28 Aug '15     home | previous

Donald Trump: a brief History

At thirteen, Donald Trump was sent by his family to the New York Military Academy. There his self-confidence was bolstered by doing well academically and, by the time he graduated at age eighteen, having become a star athlete and a student leader.

Four years later he had a bachelor's degree in economics from the Wharton School of Finance at the University of Pennsylvania. This was during the American War in Vietnam. He took student deferments and then acquired a medical deferment, he says because of a bone spur in his foot. There is no record of Trump having objected to US policy in Vietnam.

After college, Trump joined his father's business in real estate development. His father was a German-American (his name Anglicized from Trumpf). His mother was born in Scotland. Comparing Trump's family with Bush family, a Washington Post article on 26 August 2015 reads:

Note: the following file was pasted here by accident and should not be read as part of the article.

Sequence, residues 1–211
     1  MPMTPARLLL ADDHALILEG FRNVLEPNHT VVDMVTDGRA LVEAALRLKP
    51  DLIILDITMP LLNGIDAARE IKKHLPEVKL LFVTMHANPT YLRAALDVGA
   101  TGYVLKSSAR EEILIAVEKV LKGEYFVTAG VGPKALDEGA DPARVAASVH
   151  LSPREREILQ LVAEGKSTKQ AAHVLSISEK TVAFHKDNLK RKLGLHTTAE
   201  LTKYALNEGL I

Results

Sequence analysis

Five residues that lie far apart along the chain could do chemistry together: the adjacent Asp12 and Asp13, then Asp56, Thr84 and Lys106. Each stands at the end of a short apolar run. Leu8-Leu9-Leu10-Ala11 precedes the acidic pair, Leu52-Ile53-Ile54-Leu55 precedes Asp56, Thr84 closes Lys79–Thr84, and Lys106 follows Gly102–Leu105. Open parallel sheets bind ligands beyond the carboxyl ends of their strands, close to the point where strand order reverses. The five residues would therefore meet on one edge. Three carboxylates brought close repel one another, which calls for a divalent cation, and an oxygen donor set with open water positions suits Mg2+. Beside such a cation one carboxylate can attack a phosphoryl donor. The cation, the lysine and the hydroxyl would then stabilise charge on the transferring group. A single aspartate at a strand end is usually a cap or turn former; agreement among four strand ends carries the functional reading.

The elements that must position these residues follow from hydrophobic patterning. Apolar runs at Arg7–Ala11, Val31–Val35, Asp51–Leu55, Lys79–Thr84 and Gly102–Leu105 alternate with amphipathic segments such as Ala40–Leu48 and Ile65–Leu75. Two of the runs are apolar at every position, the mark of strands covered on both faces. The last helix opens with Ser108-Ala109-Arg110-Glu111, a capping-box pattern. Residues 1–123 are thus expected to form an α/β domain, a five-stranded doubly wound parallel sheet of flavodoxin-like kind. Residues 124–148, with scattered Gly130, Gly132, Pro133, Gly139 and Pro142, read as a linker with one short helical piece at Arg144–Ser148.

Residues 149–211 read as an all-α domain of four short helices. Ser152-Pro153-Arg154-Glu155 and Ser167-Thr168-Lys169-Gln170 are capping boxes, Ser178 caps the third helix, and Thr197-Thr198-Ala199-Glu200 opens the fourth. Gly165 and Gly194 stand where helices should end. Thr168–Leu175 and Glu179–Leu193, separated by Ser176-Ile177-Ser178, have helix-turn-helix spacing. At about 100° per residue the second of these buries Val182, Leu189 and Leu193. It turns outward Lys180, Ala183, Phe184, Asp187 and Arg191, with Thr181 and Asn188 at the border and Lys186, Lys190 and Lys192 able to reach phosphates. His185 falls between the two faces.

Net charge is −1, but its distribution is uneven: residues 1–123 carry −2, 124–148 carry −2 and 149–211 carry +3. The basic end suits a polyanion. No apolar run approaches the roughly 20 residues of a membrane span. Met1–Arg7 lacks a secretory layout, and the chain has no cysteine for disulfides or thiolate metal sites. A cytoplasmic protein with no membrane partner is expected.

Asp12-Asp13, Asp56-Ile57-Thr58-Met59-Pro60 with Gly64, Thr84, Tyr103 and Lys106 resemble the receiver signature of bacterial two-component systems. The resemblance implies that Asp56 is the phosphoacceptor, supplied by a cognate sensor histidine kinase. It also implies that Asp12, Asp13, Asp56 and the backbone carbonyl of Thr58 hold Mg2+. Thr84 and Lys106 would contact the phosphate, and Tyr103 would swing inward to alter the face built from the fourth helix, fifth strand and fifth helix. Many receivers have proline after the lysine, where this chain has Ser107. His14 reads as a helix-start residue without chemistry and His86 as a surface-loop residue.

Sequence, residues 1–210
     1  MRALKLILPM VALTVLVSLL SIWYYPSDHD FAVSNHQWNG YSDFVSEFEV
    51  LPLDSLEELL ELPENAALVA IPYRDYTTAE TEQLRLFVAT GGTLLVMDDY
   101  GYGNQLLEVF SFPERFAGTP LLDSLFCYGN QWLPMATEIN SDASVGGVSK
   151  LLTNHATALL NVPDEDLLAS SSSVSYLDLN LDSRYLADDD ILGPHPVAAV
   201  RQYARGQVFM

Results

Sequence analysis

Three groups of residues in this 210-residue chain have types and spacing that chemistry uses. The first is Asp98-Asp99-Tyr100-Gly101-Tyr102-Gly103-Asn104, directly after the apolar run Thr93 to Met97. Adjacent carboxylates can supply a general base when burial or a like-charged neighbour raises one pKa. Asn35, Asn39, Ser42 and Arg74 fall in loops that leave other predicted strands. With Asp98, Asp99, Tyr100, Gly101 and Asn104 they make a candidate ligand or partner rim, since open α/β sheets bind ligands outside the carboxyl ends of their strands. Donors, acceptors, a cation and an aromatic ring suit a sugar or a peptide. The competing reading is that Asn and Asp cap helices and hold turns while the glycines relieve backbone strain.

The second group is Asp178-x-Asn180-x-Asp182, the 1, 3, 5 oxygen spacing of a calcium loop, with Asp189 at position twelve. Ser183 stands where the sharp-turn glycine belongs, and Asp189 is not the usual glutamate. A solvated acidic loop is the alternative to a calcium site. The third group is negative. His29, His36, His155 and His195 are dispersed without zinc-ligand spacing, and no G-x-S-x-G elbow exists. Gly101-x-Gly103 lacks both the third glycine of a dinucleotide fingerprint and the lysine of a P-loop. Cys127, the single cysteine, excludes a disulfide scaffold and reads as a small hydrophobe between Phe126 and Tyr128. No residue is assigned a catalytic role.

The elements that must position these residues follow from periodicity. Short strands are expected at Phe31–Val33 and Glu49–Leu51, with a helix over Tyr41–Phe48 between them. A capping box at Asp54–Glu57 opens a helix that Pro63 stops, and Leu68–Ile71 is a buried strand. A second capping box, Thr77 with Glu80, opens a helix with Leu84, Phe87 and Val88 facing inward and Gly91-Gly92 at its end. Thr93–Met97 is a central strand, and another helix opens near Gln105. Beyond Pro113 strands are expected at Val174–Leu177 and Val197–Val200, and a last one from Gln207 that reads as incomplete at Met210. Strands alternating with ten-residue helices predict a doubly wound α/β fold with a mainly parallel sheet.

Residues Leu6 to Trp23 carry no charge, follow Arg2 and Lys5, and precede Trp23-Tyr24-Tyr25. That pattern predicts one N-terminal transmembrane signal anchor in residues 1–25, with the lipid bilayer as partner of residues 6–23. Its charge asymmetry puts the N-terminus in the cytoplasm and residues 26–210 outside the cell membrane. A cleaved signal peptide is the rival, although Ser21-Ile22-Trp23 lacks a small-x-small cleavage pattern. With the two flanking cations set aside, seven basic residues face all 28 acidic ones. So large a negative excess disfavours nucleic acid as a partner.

"The Bushes were never Trump's cup of tea," said Roger Stone, a longtime confidant and former adviser to Trump. Asked why the Bushes often have kept Trump at arm's length, he said: "He's not from old, WASP money. The Trumps didn't come on the Mayflower."

The Post writes that "Trump shrugs off the suggestion that his rivalry with the Bushes is rooted in pedigree. Donald Trump apparently supported George H W Bush for President in 1988. He says he liked the elder Bush, but he added: "I hated his 'read my lips, no more taxes,' and then he raised taxes monstrously."

Before President Bush the Elder, there was President Reagan. Trump has tweeted, "I was proud to be one of Ronald Reagan's earliest supporters!" Nothing exists suggesting Trump objecting to what some call Reaganomics or Reagan's policies regarding El Salvador and Guatemala – policies that some liberal or centrist intellectuals see as less than the brilliance in foreign policy that Trump suggests he is capable of.